Bee hotels should have a roof with an overhang that prevents rainwater from contacting the tubes. Rainwater in the tubes causes mould, just as it does in our own homes. 

The hotels should be firmed attached to a tree, a post, or your house such that they do not sway in the wind. Within hours, you will see tiny bees flying around your hotel as they take mental snapshots of various openings and explore tubes for possible nests. Many kinds of solitary bees are so small you may not recognize them as bees. 

Bee hotels are best positioned in full sun, facing south or south east and at least a metre off the ground with no vegetation in front to obscure entrances to the tunnels. 

Once a bee choses its home, no other bee will enter and miraculously, each bee remembers the location of their own home. Females lay one egg per cell on top of a ball of pollen stuck together with nectar. She builds a partition wall between the cells and repeats the process until the tube is full. Then she closes it with mud, leaves or fine hairs before moving on to the next tube.  

If you notice round holes in the leaves of your rose bushes, do not begrudge the leaf cutter bee that made them as she took the little material to raise her family. She uses the leaves to make cells for her offspring and building partitions until the entire tunnel is full. She then builds a final, thicker wall to cap the tunnel and shortly afterwards she dies. 

Mason bees, another of the solitary bees, line their nests with mud and plant fibres they collect and bring to the nest. Place a bowl of moist clay near your bee hotel which the mason bees will use for construction material.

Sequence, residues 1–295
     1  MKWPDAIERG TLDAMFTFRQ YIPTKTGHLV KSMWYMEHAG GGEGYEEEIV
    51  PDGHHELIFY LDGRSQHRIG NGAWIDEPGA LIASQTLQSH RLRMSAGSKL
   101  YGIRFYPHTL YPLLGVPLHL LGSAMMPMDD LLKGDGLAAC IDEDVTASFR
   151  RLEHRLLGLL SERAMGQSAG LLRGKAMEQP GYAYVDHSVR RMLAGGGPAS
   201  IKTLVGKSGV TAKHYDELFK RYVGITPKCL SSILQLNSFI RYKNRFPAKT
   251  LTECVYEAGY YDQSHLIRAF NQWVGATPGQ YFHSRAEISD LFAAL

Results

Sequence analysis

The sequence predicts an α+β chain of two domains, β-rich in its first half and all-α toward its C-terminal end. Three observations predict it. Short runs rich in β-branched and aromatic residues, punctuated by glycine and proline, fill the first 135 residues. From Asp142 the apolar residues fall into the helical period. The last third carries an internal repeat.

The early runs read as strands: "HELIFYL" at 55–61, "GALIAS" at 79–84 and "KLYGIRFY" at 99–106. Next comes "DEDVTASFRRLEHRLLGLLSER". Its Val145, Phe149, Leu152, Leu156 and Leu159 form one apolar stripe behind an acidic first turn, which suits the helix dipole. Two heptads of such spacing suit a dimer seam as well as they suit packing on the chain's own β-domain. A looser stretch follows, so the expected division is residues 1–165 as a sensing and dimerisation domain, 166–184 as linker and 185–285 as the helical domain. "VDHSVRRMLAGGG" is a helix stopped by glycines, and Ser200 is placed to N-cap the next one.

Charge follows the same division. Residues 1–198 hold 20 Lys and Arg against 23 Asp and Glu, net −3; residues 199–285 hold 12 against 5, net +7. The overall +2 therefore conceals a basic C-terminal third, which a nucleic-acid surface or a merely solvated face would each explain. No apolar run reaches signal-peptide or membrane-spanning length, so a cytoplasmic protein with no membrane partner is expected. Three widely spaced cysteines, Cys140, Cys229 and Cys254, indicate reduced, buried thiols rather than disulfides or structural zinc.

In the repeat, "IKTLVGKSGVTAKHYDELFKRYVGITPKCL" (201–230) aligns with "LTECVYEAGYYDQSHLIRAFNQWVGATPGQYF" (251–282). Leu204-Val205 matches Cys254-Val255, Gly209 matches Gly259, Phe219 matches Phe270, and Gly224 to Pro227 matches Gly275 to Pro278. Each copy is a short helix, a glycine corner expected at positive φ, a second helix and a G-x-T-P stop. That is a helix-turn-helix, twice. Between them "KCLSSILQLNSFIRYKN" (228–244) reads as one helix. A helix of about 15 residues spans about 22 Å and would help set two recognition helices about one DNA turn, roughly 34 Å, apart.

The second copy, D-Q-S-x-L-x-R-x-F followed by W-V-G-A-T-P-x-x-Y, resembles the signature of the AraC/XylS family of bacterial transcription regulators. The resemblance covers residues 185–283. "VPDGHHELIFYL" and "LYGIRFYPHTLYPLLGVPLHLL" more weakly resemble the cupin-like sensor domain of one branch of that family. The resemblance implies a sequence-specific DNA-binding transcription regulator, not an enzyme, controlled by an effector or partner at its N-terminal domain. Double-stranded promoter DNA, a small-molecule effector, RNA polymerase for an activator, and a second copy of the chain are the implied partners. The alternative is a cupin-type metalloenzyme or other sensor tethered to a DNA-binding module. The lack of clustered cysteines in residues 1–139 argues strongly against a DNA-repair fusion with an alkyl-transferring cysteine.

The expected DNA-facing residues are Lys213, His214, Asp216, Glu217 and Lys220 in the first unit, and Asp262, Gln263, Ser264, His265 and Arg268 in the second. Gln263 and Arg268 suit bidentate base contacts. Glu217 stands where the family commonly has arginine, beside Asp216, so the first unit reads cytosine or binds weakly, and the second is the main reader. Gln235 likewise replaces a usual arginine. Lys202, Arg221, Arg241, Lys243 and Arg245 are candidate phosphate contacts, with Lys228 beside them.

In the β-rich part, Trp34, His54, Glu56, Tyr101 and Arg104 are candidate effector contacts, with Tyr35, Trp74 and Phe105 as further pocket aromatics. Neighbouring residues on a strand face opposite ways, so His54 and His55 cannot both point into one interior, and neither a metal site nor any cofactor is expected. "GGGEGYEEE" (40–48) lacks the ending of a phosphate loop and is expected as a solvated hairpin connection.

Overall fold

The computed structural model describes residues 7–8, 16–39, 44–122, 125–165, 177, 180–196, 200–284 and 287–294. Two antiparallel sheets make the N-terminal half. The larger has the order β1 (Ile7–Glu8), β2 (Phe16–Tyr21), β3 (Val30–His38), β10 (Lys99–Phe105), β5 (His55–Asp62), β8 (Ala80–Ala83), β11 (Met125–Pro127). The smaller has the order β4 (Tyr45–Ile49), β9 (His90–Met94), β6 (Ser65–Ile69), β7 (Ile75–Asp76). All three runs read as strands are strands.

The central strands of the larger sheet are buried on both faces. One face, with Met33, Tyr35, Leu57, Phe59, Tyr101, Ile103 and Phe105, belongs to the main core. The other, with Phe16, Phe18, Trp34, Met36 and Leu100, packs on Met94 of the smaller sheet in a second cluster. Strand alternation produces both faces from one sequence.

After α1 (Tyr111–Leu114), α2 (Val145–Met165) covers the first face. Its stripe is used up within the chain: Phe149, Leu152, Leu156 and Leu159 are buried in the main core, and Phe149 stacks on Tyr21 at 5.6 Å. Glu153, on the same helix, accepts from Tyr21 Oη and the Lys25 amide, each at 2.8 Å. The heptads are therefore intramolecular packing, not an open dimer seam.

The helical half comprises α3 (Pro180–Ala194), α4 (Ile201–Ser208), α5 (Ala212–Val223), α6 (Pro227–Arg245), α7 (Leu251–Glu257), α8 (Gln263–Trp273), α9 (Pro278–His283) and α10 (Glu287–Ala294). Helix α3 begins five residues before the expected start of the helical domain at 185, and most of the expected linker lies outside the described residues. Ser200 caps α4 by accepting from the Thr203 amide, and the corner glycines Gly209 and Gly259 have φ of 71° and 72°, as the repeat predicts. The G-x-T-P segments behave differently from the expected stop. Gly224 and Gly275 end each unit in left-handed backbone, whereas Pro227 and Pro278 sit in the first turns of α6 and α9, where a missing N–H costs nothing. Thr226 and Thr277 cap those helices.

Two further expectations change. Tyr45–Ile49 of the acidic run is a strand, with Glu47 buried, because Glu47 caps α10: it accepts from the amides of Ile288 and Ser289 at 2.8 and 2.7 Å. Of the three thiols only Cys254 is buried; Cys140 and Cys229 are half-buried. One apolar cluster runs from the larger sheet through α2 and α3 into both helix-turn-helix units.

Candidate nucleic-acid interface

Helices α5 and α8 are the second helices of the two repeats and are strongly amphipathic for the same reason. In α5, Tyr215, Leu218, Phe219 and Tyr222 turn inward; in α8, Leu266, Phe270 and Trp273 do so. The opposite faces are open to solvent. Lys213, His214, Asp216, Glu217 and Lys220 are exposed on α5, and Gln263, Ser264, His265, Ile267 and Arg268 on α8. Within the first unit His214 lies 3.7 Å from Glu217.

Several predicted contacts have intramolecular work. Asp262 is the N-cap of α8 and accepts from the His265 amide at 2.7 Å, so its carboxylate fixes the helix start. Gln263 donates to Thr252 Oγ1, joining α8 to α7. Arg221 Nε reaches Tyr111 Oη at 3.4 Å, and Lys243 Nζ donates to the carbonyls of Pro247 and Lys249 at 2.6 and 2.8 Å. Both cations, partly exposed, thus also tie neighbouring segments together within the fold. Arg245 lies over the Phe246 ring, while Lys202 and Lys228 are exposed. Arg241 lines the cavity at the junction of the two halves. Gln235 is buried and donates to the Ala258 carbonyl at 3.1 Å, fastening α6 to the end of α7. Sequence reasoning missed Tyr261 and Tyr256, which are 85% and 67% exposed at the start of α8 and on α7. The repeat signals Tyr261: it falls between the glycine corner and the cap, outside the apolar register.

Solitary bees can have several generations in a bee hotel over the summer, but come fall, the last generation remains inside until spring. Bring the bee hotels into a cool, dry area, such as a shed to protect them from wind and rain and then place them outside soon as the snow disappears in the spring.

Having a bee hotel to watch over the summer provides an opportunity to see how bees are part of a diverse ecosystem. However, a study in Toronto by York University entomology professor Lawrence Packer and his student Scott MacIvor found that several kinds of wasps were inhabiting the local bee hotels. 

Work by the two entomologists reminded us that bees are types of wasps, just vegetarians that eat pollen and nectar rather than meat-eaters like their wasp relatives that paralyze and collect other insects to feed their young. However, the wasps living in bee hotels are not the hated yellow jackets or hornets which live in groups in paper nests and sting to protect their offspring and the queen. 

Wasps that share bee hotels are also solitary and fly away at the site of humans rather than defend their homes. On the plus side, solitary wasps collect caterpillars and other insects that chomp away on vegetables, shrubs and trees. The location of bee hotels is important when attracting either bees or wasps. Place a bee hotel in the shade and it will be more favourable to wasps. Place a hotel in an area that receives the sun and more bees will inhabit it.

Having a bee hotel in our yards reminds us not to panic when we see bees and wasps and attempt to kill them. Without pollinators, there would be no berry-producing shrubs on Manitoulin Island such as hawthorn, chokecherry, cranberry or wild roses, or fruit-producing trees such as apples. Without bees, we cannot produce garden vegetables such as tomatoes, peas, beans, cucumbers and squash. 

Creating space for bees and predacious wasps can become a rewarding experience that will teach us the importance of natural diversity and sustainability.

*Dr. Joe Shorthouse is a retired entomologist formerly with Laurentian University in Sudbury and a summer resident of Manitoulin Island.